GOP cooks up new excuse to oppose Susan Rice

Updated
Sen. Susan Collins, R-Maine, ranking Republican on the Senate Homeland Security and Governmental Affairs Committee walks to a meeting on Capitol Hill in...
Sen. Susan Collins, R-Maine, ranking Republican on the Senate Homeland Security and Governmental Affairs Committee walks to a meeting on Capitol Hill in...
AP Photo/ Evan Vucci

Sen. Susan Collins has unveiled the latest reason to oppose Susan Rice as secretary of state. And it makes even less sense than the previous ones.

At a press conference after meeting with Rice, the U.S. ambassador to the U.N., Collins said Rice’s response to the attacks on the U.S. Consulate in Benghazi, Libya had an “eerie echo” of the bombings of two U.S. embassies in Africa in 1998, when Rice served as the head of the State Department’s Africa region.

“She had to be aware of the general threat assessment and of the ambassadors’ request for more security,” Collins, a Maine Republican, said of Rice’s role in that incident.

But a far more devastating terrorist attack occurred three years later, when a different Rice, Condoleezza, served as national security adviser to President Bush. Indeed, in August 2001, Bush and Condoleezza Rice received a CIA memo headlined: “Bin Laden Determined To Strike In U.S.”  If ever a government official “had to be aware of the general threat assessment,” it was Condoleezza Rice then.

Collins didn’t think so, though. It’s easy to  ”go back now and pick out a clue here and a tidbit there … but we have to keep in mind the environment,” Collins said when the memo surfaced in 2004. “We have to keep in mind the volume of reporting that the president and his advisers are dealing with each and every day.”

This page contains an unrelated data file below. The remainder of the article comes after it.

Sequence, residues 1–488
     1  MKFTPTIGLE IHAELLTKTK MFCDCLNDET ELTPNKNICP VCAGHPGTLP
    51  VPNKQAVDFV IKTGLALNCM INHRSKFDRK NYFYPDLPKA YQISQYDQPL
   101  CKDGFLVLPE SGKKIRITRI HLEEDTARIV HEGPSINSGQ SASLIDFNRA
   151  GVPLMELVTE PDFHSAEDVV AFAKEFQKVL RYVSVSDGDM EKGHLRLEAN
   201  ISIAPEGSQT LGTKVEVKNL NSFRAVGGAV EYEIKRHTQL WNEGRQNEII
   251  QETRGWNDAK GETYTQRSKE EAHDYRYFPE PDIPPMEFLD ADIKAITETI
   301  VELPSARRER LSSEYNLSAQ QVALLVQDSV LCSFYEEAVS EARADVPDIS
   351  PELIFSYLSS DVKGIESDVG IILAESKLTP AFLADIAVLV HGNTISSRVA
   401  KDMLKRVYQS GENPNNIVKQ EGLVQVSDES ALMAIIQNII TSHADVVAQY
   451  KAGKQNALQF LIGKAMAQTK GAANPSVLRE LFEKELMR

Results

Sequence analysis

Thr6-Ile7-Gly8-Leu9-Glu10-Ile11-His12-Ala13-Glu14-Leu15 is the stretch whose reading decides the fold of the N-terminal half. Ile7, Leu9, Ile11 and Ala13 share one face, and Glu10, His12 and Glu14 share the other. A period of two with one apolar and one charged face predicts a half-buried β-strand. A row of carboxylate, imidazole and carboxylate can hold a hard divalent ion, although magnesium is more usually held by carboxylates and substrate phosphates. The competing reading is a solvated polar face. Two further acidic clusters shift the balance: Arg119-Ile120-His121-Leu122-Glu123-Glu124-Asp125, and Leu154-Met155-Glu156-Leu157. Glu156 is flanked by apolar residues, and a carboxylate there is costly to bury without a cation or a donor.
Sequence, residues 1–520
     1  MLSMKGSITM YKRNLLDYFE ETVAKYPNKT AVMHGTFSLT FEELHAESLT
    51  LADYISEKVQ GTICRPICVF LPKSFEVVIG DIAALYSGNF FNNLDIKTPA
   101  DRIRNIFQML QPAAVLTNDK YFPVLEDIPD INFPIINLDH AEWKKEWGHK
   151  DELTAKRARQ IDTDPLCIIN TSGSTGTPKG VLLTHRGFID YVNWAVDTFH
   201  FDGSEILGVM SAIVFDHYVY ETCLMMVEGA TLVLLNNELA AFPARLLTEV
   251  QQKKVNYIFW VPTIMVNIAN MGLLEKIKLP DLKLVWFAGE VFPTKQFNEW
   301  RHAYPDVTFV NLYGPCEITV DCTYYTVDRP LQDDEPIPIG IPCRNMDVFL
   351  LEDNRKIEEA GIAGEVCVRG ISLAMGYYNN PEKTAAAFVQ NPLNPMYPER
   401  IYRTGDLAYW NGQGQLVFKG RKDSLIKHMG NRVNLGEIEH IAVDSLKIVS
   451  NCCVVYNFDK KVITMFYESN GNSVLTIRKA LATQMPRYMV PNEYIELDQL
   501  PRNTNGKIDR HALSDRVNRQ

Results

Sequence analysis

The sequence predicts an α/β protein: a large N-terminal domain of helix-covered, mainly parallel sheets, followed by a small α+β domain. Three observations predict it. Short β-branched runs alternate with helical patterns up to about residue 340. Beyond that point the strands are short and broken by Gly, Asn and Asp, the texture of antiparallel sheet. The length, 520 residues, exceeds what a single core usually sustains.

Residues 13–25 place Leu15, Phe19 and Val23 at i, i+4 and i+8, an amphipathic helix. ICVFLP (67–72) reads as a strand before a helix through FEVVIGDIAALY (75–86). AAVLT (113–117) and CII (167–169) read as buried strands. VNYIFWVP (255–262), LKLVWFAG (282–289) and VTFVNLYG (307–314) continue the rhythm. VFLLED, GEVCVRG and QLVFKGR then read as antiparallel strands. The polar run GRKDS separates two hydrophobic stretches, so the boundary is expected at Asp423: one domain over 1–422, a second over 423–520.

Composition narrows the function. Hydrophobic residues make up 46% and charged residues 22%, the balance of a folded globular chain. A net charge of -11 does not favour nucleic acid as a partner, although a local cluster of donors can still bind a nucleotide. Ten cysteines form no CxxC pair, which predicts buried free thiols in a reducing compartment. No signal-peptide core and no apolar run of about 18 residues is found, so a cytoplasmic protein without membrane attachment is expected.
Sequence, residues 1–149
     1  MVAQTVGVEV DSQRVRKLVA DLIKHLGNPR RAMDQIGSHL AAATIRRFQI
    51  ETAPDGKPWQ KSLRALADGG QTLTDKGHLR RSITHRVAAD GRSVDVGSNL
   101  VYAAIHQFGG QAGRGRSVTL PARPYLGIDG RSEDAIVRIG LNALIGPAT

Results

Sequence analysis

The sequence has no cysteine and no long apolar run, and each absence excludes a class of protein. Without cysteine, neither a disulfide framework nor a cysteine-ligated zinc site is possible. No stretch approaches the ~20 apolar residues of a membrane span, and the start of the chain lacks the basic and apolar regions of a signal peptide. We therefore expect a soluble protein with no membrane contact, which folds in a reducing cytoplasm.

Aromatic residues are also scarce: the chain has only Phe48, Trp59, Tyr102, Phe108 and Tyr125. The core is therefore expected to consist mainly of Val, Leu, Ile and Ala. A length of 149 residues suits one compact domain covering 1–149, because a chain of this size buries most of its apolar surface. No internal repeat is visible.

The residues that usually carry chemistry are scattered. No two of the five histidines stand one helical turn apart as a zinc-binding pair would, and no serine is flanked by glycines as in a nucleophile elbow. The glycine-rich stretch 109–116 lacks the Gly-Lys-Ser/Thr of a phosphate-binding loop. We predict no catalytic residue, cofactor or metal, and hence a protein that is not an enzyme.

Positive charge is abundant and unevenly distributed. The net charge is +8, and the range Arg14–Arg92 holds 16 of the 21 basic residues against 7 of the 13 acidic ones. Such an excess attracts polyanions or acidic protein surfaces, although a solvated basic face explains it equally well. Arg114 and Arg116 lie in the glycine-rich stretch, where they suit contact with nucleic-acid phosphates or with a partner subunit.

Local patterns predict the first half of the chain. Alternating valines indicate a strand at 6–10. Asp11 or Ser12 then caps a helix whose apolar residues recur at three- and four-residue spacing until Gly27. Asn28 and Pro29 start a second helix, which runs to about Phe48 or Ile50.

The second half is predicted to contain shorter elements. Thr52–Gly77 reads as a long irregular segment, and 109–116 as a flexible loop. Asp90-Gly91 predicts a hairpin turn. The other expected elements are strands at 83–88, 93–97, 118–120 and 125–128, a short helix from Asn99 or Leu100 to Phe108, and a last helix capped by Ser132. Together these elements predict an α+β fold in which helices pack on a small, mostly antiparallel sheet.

The following year, Collins voted to confirm Condoleezza Rice as Secretary of State, praising her “professional experience and personal integrity.”

It gets worse. At Wednesday’s press conference, Collins also accused Susan Rice of playing a “political role” by appearing on five Sunday talk shows to talk about the Benghazi attacks. Rice said the attacks were triggered by an anti-Muslim film—an explanation that now appears incomplete, and which Republicans have said renders her unfit for the secretary of state post.

But Susan Rice is hardly the first top administration official to appear on the Sunday shows during the heat of a presidential campaign and act as a spokesman for the administration.

Guess who said this on ABC’s This Week in 2004: “I think the president did what he always does. He had a chance to show the American people why he’s a strong leader.”

That’s right—it was Condoleezza Rice, praising President Bush’s performance in a recent presidential debate with Sen. John Kerry.

Of course, Susan Rice’s most vocal opponent, Sen. John McCain, has also appeared to use a different standard to judge the two Rices. When Democrats raised concerns about Condoleezza Rice’s role in leading the U.S. into war with Iraq on the basis of flawed intelligence, the Arizona senator accused them of harboring “lingering bitterness at the outcome of the [2004] election.”

Research assistance from Amanda Sakuma

GOP cooks up new excuse to oppose Susan Rice

Updated